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'Nested Interrupt questions'
1999\10\11@205844 by Thomas Brandon

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Has anyone written a program that dealt with interrupts occuring during an
interrupt. I know there are no nested interupts but from reading the docs,
the following 2 methods should allow (some) interupts during interrupts to
not be missed (delayed, but not missed):
1) Process interrupt as normal. Clear bit of specific interrupt dealt with.
Copy the PIR registers to memory and then clear them. In code after
interrupt, check saved register and deal with any other interupts. The
pseudocode would then be something like this:

Interrupt Handler:
   Find interrupt cause
   Handle interrupt (1)
   Clear appropriate bit
   Copy PIR's to memory (2)
   Return From interrupt (3)

Any interrupts between (1) and (2) would set the appropriate PIR bit , but
as the GPIE is clear no interrupt will occur. Any interrupts occuring
between (2) and (3) will trigger after (3) due to the GPIE being set again
via RETFIE. The only problem is if this occurs what do you do with the
interupts saved at (2) but not yet dealt with. You could deal with this at
the beginning of the interrupt handler but this could considerably lengthen
the interupt processing time.

This is really only suitable when all processing is interrupt triggered. The
background loop would simply continually check the appropriate memory for
missed interrupts. This is about all this loop could do assuming reasonable
interrupt response is needed.

2) Simply ignore the fact that multiple interrupts can occur. Do priority
interrupt handling (i.e. deal with only one interrupt at a time) and only
clear the appropriate bit. Thus when RETFIE is called and GPIE is set any
pending interrupts will trigger.

The 2nd method is slightly more flexible in that background processing can
continue however it means interrupts will be delayed by other interrupts.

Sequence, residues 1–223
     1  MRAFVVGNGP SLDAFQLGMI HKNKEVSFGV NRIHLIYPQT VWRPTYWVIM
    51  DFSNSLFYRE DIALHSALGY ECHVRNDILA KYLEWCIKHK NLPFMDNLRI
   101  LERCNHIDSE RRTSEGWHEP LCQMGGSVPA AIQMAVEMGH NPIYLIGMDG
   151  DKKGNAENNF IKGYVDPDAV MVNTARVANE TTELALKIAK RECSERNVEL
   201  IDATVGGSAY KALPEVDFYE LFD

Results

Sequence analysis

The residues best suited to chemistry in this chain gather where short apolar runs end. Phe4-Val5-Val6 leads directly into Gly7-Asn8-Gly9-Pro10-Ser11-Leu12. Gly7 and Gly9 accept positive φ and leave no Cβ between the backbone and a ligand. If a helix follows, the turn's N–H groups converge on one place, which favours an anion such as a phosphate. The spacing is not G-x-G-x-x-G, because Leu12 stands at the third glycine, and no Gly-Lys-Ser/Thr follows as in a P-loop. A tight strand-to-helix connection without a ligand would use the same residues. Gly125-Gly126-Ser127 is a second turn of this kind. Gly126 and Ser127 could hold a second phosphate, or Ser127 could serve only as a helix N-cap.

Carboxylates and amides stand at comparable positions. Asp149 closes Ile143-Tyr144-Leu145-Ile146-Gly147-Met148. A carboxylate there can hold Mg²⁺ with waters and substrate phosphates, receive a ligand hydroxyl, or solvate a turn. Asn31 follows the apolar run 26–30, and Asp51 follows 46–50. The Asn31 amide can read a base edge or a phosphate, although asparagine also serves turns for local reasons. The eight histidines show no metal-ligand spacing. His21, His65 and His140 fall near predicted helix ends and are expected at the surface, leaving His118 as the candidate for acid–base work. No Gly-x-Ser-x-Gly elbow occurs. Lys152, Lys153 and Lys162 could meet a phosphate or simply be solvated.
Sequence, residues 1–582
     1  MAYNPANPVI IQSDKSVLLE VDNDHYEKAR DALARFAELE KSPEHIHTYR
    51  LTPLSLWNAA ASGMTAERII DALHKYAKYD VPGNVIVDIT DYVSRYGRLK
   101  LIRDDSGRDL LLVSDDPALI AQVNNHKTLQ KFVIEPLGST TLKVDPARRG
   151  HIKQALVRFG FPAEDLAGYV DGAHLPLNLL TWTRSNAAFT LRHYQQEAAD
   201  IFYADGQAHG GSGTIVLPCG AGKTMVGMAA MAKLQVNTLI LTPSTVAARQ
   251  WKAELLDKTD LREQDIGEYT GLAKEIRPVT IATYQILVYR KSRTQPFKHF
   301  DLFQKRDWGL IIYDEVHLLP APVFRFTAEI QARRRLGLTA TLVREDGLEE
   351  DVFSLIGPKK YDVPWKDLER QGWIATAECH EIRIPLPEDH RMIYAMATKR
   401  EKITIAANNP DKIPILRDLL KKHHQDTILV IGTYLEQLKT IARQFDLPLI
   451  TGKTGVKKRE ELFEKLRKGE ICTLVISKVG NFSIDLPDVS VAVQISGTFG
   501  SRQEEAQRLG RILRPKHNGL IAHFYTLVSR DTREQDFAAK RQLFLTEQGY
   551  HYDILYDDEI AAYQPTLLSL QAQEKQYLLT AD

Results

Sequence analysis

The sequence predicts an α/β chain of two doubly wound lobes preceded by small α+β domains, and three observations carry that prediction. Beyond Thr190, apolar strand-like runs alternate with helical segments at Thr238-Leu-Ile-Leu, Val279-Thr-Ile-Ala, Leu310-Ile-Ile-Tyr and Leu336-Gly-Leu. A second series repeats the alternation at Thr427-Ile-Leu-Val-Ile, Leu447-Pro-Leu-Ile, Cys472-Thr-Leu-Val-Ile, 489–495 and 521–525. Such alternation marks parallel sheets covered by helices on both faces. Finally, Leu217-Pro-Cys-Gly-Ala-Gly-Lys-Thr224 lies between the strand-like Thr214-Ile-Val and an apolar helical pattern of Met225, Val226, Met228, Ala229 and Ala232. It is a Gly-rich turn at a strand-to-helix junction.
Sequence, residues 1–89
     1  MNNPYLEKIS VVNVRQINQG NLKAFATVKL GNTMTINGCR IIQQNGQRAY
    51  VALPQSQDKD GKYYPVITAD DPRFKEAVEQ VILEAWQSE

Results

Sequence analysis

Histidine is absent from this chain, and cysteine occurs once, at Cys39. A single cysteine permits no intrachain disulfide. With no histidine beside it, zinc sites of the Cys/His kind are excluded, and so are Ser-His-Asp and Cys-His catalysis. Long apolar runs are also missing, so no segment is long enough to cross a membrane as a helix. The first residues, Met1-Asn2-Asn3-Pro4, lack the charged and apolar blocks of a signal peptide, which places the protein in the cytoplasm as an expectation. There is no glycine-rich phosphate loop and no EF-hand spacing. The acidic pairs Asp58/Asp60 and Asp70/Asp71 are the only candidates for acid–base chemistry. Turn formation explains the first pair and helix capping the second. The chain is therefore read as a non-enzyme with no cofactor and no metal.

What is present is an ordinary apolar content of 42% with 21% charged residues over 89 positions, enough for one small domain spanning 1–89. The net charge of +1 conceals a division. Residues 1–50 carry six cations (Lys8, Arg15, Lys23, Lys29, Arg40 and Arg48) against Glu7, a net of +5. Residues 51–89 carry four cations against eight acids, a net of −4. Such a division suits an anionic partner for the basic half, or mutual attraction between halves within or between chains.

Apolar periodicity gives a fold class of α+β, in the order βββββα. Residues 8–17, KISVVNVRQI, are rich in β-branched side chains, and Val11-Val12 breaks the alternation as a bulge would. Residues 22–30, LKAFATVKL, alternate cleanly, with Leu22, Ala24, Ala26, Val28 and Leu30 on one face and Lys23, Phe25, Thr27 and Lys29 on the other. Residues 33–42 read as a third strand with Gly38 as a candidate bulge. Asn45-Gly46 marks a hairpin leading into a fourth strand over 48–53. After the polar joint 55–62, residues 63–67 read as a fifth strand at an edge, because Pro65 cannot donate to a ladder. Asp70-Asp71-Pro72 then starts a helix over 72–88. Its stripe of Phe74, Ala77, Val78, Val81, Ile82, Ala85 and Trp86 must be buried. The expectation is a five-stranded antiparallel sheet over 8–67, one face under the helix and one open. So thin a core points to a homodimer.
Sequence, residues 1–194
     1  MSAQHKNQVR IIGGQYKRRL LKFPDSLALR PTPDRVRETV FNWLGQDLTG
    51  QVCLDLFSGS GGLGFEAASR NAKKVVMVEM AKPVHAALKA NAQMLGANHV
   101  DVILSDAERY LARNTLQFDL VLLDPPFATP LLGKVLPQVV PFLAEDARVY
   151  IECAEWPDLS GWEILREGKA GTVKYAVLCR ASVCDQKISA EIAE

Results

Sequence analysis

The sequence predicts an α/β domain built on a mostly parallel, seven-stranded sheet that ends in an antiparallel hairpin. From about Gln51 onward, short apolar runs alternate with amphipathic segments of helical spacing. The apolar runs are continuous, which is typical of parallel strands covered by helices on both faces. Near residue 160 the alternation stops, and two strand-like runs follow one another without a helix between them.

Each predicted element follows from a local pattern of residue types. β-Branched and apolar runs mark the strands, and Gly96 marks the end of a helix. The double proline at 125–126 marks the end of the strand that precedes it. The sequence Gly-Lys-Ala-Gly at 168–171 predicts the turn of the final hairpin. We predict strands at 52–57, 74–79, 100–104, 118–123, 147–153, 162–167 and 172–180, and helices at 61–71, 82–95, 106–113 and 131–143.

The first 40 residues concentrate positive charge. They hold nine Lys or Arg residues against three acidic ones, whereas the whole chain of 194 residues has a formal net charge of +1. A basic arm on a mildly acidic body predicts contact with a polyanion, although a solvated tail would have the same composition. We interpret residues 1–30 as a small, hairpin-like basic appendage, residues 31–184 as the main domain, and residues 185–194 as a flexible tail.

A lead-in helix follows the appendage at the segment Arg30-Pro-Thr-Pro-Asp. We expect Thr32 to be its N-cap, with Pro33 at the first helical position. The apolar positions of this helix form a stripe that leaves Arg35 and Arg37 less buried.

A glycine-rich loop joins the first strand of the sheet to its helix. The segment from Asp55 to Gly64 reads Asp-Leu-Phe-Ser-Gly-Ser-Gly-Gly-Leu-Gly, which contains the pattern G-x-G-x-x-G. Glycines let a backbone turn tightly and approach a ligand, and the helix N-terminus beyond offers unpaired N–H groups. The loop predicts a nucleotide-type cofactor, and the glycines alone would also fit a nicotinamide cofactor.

After calling RETFIE there will be an approx. 3TCY delay to the next
interrupt trigger. Hence if 3 interrupts occur at once there will be 6TCY
and the processing time of the other 2 interrupts delay. Also, to ensure
adequate handling of critical interrupts, priority checking must be done
adding further processing time.

Both of these methods could be improved by simultaneously handling multiple
interrupts where appropriate but again extra logic is required.

Has anyone implemented an interrupt critical system on a PIC? How did you
get around the problem of overlapping interrupts? Are there any problems in
the above methods?

Tom.

1999\10\12@050059 by Morgan Olsson

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Hej Thomas Brandon. Tack fšr ditt meddelande 11:00 1999-10-12 +1000 enligt nedan:
>Has anyone written a program that dealt with interrupts occuring during an
>interrupt.

Oh yes! Been experimentally using for two weeks now. Works wonderfully :)

I have split the service in two stages: Primary and secondary.

Idea: Primary get the interrupts, buffers and clears their flags, and secondary do the heavy processing, while having enabled interrupt so primary service can recieve new events.

Primary services is very short routines, check every possible interrupt cause, either does full servise of it if it can be done in few cycles, if not it sets a flag requesting secondary service.  Prim service clears the requests flags.